Now N.O.W. - the most powerful grassroots women's advocacy group in the U.S. - is finally stepping up to the plate for ME/CFS. Thanks to the work of Bobbi Ausubel and Emily Taylor of The Solve ME/CFS Initiative (SMCI), N.O.W. has produced a powerful letter urging Congress to add back in CDC funding (it's been zeroed out again), to increase research funding to appropriate levels and to make ME/CFS eligible for additional Congressional funding.
 
The letter notes that the neglect of women by medical funders is not new at all.
 
We believe that the higher prevalence of ME/CFS in women is a contributing factor resulting in the stigmatization experienced by patients and the failure of research investment commensurate with the burden of the disease by federal agencies. As you are aware, there is a long, documented history of gender bias in medical research and ME/CFS is one of many diseases negatively affected by this trend. Terms like "mass hysteria," "conversion disorder," and "Raggedy Ann syndrome" belittled patients and clearly undermined the seriousness of this terrible disease, where women are the vast majority of those who suffer.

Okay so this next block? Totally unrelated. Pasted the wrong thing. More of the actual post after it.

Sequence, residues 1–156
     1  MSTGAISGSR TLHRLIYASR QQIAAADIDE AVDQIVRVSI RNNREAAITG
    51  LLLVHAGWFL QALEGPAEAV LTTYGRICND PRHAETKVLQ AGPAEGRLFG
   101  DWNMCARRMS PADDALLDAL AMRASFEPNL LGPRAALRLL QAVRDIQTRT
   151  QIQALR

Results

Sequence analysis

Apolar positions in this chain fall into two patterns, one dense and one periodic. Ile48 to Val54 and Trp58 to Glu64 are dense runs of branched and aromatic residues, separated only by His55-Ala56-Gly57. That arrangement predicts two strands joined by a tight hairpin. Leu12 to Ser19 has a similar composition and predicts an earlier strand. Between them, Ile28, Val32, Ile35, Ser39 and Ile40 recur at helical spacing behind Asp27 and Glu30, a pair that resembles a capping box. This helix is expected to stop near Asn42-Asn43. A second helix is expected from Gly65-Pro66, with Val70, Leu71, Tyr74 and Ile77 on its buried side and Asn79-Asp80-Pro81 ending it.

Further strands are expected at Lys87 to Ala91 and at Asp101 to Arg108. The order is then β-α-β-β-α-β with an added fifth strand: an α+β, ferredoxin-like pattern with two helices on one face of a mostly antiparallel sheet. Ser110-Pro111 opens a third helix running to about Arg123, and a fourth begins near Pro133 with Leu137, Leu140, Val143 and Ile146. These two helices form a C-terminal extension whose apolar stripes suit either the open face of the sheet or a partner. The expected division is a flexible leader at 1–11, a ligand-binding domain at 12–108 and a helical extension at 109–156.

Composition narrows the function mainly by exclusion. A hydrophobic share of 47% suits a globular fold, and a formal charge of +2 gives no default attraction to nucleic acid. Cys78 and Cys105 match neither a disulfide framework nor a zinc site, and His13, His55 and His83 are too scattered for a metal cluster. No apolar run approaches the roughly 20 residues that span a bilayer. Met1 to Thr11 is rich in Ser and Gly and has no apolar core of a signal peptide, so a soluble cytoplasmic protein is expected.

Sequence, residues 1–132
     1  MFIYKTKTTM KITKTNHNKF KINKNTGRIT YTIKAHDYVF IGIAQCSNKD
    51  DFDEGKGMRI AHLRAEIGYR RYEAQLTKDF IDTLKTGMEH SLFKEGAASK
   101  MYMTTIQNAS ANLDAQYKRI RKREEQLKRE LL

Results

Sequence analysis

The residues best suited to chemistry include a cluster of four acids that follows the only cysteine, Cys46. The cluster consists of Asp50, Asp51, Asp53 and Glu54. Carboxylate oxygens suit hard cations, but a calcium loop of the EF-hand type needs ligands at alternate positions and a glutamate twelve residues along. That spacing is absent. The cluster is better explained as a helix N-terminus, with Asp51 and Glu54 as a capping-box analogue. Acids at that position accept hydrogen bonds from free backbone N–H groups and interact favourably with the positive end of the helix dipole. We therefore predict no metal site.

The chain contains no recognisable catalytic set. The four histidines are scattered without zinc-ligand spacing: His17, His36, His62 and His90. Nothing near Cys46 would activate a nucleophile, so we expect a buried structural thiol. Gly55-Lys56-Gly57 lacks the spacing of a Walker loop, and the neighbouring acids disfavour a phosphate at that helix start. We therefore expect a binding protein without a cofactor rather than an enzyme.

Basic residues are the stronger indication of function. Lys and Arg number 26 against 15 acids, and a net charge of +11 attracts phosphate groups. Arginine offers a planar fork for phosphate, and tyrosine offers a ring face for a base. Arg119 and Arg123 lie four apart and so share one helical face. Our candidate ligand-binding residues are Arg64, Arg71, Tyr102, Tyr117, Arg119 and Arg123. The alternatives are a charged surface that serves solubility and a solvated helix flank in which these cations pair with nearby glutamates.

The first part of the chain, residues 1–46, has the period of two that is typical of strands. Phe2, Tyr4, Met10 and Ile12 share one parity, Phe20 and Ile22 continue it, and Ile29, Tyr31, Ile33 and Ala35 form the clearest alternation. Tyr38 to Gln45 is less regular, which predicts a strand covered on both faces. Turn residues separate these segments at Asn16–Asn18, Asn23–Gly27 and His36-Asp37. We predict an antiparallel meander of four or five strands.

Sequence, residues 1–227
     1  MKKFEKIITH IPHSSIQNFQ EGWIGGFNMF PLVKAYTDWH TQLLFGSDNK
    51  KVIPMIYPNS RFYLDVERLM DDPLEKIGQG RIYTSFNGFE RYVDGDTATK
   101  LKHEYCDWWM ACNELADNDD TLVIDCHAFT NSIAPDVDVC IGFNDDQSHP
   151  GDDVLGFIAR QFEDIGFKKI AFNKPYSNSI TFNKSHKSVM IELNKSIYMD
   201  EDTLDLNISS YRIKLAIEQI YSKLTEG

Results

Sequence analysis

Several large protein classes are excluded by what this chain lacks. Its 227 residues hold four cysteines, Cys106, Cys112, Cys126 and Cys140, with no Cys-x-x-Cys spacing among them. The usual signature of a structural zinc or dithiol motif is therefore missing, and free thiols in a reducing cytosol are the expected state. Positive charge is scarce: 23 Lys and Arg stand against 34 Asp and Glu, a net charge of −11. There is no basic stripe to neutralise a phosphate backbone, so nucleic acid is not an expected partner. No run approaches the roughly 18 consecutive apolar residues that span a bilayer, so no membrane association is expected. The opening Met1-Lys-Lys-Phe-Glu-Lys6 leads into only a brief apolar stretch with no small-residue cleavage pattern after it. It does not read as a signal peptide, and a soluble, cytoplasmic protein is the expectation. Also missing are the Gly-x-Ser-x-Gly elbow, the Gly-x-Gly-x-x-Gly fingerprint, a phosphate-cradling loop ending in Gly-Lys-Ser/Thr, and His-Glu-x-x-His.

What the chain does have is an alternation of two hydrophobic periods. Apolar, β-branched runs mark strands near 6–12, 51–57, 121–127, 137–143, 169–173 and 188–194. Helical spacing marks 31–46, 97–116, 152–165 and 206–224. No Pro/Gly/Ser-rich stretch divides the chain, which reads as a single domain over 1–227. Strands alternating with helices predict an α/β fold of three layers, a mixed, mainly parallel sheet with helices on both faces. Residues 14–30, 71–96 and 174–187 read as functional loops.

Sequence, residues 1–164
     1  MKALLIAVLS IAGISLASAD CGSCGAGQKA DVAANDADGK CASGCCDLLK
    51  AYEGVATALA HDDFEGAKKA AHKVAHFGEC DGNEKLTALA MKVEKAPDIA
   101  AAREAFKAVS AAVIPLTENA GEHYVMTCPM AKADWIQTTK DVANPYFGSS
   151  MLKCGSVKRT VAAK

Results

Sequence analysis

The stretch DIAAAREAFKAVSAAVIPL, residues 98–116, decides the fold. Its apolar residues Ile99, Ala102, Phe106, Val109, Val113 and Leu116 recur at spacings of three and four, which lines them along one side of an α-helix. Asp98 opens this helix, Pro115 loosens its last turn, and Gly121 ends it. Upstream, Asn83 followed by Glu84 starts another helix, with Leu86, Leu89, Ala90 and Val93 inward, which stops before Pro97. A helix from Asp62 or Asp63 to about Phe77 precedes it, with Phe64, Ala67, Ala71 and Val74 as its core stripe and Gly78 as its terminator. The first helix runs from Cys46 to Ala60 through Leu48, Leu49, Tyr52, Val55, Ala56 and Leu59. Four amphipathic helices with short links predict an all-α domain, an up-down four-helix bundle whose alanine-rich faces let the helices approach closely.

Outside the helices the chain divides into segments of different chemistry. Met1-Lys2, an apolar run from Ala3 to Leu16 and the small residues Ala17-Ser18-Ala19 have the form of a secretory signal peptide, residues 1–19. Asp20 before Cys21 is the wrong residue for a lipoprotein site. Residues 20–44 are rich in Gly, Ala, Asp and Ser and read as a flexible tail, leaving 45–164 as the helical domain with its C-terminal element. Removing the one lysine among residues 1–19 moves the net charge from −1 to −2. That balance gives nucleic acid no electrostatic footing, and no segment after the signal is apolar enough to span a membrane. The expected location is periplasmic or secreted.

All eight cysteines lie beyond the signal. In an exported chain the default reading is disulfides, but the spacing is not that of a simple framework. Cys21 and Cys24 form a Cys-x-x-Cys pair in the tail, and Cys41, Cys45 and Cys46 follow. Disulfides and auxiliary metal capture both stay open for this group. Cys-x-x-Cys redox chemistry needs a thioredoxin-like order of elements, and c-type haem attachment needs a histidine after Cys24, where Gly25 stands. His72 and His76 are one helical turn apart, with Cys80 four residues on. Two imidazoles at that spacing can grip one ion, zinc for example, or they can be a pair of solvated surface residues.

I was struck again and again during my days listening to the Open Medicine Foundation's Working Group and their Symposium by the need for one thing - more money. We have excellent researchers; we have people who know how to tackle big problems - what we are lacking now is money. Not a little money - not a couple of million dollars more a year, but big money - $20/$40/$50 million or more a year.
 
In order to get that, we're going to need enroll others in the fight. Doing so whereever she can is clearly a top priority of Emily Taylor of The Solve ME/CFS Initiative. I don't know why it took so long for N.O.W. to join the fight for ME/CFS, but I'm sure glad that they're with us now.

Getting N.O.W. Involved: How It Happened